Hyperloop One is closer to deciding its first planned route

Daniel Cooper

One of the ways that Hyperloop One is working out which routes it wants to build is through its "Global Challenge" program. It is, essentially, an X-Factor style competition in which candidate cities and states can audition for the prize of getting to buy their own high-speed travel systems. Now, the company has announced which regions are in the running to be the first to get their own Hyperloop route.

There are ten winners across five countries, and each proposal was judged by a panel of experts in infrastructure, transport and technology. Now, each one will be examined in extreme detail as Hyperloop One works out the best place to break ground on its first full-bodied line. Factors to be taken into consideration include the economic benefits, regulatory environment and proposed routes.

Notable routes include a line connecting Chicago, Columbus and Pittsburgh, joining up a population of nearly 14 million people. The Texas Triangle, meanwhile, would bring Dallas, Laredo and Houston within mere minutes of each other for harried business commuters. But it's not just the US that is getting the love from the Hyperloop One team, in the UK, routes joining up London and Edinburgh, as well as Glasgow and Liverpool, are under serious consideration.

India, meanwhile, has two routes, the relatively short Bengaluru - Chennai line, covering 208 miles, and the Mumbai - Chennai journey, which spans 685 miles. Mexico and Canada round out the list, with proposed lines connecting Mexico City to Guadalajara and Toronto to Montreal.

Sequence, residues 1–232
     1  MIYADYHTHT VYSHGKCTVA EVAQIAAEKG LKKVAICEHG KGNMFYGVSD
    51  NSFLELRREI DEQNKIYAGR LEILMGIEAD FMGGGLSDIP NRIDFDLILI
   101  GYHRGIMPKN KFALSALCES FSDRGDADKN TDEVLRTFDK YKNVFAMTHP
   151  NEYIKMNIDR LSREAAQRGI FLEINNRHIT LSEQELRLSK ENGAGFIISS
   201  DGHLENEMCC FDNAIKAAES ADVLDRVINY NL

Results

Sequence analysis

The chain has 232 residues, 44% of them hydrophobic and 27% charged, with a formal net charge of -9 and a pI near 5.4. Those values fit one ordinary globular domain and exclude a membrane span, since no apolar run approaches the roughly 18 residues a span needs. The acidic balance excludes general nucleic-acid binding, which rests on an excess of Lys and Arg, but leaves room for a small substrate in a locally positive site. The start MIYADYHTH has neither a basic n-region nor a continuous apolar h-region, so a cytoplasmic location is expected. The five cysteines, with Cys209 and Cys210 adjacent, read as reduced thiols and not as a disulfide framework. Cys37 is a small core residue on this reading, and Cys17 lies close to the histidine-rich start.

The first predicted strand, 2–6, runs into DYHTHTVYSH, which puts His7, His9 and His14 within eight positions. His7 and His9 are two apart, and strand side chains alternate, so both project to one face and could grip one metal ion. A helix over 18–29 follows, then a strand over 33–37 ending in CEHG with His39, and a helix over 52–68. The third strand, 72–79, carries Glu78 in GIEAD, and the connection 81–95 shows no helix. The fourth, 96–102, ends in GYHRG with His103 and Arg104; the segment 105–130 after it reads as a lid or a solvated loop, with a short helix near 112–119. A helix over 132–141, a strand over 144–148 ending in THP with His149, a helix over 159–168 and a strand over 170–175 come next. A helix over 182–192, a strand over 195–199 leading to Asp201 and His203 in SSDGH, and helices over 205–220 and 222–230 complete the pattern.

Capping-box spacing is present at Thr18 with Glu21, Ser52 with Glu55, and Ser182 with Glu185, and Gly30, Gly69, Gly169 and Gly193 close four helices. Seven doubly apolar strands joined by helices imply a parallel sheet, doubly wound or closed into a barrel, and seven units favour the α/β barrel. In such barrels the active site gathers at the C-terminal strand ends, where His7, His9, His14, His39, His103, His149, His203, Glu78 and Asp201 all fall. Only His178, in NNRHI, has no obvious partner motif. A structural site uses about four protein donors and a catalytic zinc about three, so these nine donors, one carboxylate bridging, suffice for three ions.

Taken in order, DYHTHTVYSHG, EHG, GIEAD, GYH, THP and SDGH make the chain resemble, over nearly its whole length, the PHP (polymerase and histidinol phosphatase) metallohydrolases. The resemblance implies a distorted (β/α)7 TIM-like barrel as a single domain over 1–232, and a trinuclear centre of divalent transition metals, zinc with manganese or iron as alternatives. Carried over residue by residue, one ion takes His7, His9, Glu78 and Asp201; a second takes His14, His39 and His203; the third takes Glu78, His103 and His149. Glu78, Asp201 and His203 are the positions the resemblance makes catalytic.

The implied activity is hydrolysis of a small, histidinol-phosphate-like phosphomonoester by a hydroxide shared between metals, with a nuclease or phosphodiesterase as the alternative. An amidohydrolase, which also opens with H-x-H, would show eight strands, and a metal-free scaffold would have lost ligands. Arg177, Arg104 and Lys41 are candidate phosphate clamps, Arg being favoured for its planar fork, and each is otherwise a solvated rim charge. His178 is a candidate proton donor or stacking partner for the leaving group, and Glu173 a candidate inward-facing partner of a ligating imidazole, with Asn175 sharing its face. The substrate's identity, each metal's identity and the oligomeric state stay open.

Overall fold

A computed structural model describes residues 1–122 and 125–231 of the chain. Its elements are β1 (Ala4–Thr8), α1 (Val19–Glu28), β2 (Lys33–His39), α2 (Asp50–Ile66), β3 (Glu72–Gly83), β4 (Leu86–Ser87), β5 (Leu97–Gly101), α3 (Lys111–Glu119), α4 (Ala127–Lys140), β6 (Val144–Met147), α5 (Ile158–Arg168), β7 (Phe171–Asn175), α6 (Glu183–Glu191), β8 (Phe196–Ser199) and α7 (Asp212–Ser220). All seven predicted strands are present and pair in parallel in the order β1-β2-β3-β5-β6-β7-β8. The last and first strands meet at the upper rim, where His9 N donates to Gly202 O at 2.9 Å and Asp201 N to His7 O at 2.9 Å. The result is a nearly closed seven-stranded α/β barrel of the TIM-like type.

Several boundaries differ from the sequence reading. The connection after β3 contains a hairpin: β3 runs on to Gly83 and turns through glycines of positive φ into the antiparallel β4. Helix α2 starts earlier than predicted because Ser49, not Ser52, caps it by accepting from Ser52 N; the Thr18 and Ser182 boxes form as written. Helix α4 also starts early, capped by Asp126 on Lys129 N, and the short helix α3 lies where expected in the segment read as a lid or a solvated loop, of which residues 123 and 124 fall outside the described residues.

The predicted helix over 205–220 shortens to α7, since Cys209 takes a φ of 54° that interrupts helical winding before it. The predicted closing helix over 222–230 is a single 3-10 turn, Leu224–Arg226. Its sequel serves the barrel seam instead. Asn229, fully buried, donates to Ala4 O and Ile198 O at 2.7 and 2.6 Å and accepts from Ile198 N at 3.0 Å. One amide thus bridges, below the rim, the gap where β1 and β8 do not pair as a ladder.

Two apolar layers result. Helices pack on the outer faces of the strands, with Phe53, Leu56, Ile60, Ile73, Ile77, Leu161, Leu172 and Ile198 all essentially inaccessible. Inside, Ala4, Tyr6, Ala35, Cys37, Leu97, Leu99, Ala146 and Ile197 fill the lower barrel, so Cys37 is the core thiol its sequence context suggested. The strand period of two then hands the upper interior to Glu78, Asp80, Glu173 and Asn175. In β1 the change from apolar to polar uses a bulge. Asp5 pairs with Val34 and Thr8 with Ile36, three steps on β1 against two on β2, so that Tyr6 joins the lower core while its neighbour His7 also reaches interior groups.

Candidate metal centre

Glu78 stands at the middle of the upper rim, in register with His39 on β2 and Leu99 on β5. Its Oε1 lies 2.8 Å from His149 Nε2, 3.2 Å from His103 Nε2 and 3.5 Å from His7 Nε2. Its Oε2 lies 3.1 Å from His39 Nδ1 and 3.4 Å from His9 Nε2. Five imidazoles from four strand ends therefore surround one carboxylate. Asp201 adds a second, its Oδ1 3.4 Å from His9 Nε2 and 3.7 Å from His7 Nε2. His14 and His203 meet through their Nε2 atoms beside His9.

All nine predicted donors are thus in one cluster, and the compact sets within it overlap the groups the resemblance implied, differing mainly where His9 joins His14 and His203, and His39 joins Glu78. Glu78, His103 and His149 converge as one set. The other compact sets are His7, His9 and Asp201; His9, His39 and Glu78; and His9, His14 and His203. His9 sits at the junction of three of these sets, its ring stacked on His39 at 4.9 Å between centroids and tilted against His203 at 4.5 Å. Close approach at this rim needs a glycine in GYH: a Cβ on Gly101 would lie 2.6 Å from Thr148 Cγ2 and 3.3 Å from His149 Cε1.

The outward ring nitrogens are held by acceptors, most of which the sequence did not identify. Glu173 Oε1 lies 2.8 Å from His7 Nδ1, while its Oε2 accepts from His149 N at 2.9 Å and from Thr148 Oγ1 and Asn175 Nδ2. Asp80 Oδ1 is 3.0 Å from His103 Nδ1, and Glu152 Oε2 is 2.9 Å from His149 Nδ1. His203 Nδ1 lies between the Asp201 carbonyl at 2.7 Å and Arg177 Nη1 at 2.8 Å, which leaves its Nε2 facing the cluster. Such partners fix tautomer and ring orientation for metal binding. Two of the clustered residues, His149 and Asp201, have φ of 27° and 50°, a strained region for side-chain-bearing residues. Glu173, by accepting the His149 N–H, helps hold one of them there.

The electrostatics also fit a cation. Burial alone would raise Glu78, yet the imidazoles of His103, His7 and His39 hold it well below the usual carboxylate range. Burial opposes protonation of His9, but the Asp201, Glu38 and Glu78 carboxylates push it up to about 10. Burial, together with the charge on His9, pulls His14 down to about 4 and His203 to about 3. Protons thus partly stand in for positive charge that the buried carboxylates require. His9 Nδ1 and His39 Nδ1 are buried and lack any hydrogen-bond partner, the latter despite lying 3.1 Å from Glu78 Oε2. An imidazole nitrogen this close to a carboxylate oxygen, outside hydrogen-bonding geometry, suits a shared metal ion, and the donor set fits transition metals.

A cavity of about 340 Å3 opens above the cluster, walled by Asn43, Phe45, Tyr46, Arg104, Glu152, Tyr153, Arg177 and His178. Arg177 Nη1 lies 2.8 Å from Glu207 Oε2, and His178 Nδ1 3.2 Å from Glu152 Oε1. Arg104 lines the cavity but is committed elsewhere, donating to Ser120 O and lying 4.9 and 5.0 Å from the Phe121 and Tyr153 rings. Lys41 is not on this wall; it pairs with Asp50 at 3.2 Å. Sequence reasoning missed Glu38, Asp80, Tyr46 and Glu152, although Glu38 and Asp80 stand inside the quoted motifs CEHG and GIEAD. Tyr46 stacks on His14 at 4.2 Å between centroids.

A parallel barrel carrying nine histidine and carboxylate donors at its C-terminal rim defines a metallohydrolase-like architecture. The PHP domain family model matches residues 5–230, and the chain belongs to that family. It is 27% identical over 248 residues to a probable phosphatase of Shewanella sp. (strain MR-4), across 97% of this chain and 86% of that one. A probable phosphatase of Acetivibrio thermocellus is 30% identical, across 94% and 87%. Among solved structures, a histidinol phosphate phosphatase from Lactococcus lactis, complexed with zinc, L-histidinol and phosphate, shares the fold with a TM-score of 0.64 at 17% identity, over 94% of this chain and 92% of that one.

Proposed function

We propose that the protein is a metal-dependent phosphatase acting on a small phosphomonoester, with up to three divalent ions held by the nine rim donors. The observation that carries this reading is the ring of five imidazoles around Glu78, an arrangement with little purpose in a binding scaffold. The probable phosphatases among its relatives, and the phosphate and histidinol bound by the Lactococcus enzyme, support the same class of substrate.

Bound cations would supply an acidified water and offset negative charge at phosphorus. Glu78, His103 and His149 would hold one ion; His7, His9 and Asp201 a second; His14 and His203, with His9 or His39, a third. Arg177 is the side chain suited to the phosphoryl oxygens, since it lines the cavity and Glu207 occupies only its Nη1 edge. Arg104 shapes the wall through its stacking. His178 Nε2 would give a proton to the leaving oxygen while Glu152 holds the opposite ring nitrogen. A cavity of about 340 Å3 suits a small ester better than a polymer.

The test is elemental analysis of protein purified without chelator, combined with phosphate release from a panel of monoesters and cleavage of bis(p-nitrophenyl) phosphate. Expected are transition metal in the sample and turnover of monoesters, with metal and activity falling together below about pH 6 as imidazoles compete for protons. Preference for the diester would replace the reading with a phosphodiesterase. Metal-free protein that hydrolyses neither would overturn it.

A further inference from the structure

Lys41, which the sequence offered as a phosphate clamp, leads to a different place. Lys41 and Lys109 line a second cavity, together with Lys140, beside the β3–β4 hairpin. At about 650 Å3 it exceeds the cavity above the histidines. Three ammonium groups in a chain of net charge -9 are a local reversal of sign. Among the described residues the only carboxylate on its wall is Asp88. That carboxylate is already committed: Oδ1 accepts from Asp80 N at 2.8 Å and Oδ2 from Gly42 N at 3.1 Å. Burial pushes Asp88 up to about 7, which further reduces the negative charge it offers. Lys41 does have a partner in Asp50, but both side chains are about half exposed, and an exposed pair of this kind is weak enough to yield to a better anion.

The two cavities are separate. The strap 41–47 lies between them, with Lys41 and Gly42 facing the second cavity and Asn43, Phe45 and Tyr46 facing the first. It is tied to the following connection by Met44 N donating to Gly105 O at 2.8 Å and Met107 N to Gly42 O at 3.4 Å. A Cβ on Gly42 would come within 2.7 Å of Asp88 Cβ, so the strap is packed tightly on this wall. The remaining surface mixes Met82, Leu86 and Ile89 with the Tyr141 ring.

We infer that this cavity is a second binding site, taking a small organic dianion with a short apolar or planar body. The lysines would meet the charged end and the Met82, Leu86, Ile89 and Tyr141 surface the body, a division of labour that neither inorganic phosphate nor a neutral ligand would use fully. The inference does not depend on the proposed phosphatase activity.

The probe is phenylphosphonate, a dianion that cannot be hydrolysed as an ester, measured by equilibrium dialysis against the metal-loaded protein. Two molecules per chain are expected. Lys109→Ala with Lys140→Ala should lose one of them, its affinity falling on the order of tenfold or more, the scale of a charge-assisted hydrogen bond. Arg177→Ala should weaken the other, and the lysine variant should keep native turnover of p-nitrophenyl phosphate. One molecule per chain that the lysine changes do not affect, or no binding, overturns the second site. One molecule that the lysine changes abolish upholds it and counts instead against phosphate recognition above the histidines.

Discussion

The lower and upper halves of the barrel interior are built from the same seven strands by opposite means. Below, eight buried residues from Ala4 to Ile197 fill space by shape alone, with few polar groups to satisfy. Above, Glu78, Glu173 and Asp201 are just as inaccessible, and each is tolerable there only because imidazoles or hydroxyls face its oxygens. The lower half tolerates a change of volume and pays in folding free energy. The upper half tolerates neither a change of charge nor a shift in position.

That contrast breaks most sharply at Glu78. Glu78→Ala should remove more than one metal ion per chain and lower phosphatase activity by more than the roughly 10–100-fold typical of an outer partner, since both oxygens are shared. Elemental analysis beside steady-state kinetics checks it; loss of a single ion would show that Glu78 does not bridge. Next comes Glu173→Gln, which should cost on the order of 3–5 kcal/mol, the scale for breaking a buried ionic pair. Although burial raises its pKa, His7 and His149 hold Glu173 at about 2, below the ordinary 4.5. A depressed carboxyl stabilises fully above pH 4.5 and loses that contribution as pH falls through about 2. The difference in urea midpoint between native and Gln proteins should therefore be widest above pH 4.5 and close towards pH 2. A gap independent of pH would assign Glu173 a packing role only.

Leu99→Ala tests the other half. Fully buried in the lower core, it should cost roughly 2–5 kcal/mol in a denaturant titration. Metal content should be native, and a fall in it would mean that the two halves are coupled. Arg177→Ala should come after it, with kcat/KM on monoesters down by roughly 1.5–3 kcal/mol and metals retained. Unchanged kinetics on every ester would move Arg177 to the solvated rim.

Of course, none of these routes are going to be built unless Shervin Pishevar and Rob Lloyd can catch lightning in a bottle. Because the company will need to get local governments, investors and the public all singing from the same hymn sheet. Not to mention all of the people who may be annoyed that the view from their back garden will be interrupted by a vacuum tube shooting people around at near-supersonic speed.

In addition, the company is also announcing a deal with the state of Colorado (and AECOM) to begin investigating the possibility of bringing Hyperloop to the Centennial state. This partnership is still pretty nebulous, but also shows how serious some places are taking this potential new form of mass transit.

RouteLength (km)Length (miles)Urban CentersPopulation US Chicago-Columbus-Pittsburgh

Team: Midwest Connect 785 488 3 13,800,000 US Dallas-Laredo-Houston

Team: Texas Triangle 1030 640 5 18,771,000 US Cheyenne-Denver-Pueblo

Team: Rocky Mountain Hyperloop 580 360 10 4,831,000 US Miami-Orlando

Team: Miami/Orlando Hyperloop 414 257 2 8,500,000 India Bengaluru-Chennai

Team: AECOM India 334 208 6 17,710,000 India Mumbai-Chennai

Team: Hyperloop India 1102 685 10 43,190,000 UK Edinburgh-London

Team: HypED 666 414 4 19,151,514 UK Glasgow-Liverpool 545 339 6 9,715,488 Mexico Mexico City-Guadalajara

Team: Mexloop 532 330 4 33,530,000 Canada Toronto-Montreal

Team: HyperCan 640 400 3 13,326,000